New infrastructure assets to boost cargo flow to Paranagua PortOct, 25, 2023 Posted by Gabriel Malheiros
The increasing volume of grains produced in Mato Grosso do Sul has positioned this state as the second-largest user of the Port of Paranagua, trailing only the state of Paraná. Forecasts point that the volume will further rise upon the implementation of the strategic infrastructure projects by the Government of Paraná aimed at enhancing cargo unloading logistics in the port. Two such projects are the New Ferroeste, a railway line connecting the town of Maracaju (MS) directly to Paranaguá, and the Moegão, a grain reception structure designed to receive products that arrive by rail. Between January and July this year, the port in Paraná recorded a 32% increase in cargo throughput, primarily driven by soybeans, followed by soymeal and corn.
The New Ferroeste will link Maracaju and Paranaguá by rail lines and will feature two branches: Cascavel – Foz do Iguaçu and Cascavel – Chapecó (SC). In total, the rail network will span 1,567 kilometers, providing an alternative to the current dominance of road transport. Meanwhile, the Moegão is a large rail unloading area for grains and meals at the port, eliminating the need for breaking up train compositions. This project will connect the 11 terminals that comprise the Eastern Export Corridor, resulting in a 63% increase in unloading capacity. Together, these two projects offer a more cost-effective, efficient, and environmentally friendly mode of freight transportation, bolstering the attractiveness of the Port of Paranaguá.
Currently, grain transportation from Mato Grosso do Sul is primarily reliant on road infrastructure. In the first half of this year, 36,257 trucks from that state brought cargo to Paranaguá. Up to July this year, 14.5 million tons had been exported. Out of this total, 28% were shipped from Paranaguá to destinations such as China, South Korea, and Bangladesh. In a geographically vast country like Brazil, freight costs for transporting inputs and products play a crucial role in market competitiveness. The coastline of Paraná serves as the gateway for commodities like grains, pulp, and animal protein, which often need to travel more than a thousand kilometers to reach international vessels.
See below soy exports from the Port of Paranagua between Jan 2019 and Aug 2023. The data is from DataLiner.
Soy exports from Paranagua Port | Jan 2019 – Aug 2023 | WTMT
The feasibility study for the New Ferroeste project indicates that rail transport becomes more favorable than road transport after the 350-kilometer mark. This distance accounts for approximately 85% of the cargo accessing the Ports of Paraná, a substantial portion of which originates in Mato Grosso do Sul. In Western Paraná, there is also a real and urgent demand for an expanded and more efficient rail network, especially for the transportation of animal protein. Currently, the existing Ferroeste section connects Cascavel in the West to Guarapuava. With a length of 248 kilometers, the line connects to the Southern Rail Network in Guarapuava and runs down to the coast. At present, a reefer container with animal protein can take up to five days to travel from Cascavel to Paranaguá. The difference in freight costs in comparison to road transport justifies the choice. The truck route from Cascavel to Paranaguá costs R$5,800, whereas the train freight is priced at R$4,500.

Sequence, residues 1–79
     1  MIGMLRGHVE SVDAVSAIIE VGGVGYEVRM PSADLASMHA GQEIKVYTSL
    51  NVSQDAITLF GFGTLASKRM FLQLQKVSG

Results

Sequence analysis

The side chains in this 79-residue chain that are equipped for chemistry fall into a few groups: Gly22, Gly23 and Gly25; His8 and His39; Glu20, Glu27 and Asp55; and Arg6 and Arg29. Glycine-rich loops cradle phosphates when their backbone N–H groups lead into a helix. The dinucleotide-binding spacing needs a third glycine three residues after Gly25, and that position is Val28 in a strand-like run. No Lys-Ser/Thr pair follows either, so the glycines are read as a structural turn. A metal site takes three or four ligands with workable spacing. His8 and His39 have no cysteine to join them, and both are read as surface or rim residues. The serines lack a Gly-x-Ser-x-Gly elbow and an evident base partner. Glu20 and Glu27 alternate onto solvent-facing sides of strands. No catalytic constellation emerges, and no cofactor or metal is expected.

According to the Paraná Container Terminal (TCP), in 2022, Cotriguaçu (responsible for transporting cooperatives Copacol, C.Vale, Lar, and Coopavel) shipped 45,752 twenty-foot containers by train, averaging 3,812 containers per month. This year, until August, 32,742 containers from Cotriguaçu have been dispatched, with a monthly average of 4,094, suggesting that 2023 is likely to surpass last year’s volume.
Giovanni Guidolim, the logistics manager at TCP, notes a consistent growth in the number of refrigerated containers transported by this mode. “Western Paraná is a major export hub for the state’s agribusiness. Today, only 20% of the cargo for export reaches the port by rail. Out of this, only 10% originates in the West. There is a substantial unmet demand in the region. Cotriguaçu is a prime example, as it primarily relies on road transport, incurring higher freight costs due to rail’s limited capacity,” says the coordinator of the state’s railway plan, Luiz Henrique Fagundes.
- Ports and Terminals Apr, 04, 2022 0
- Shipping Aug, 23, 2021 0
- Ports and Terminals Mar, 15, 2022 0
- Grains Aug, 23, 2022 0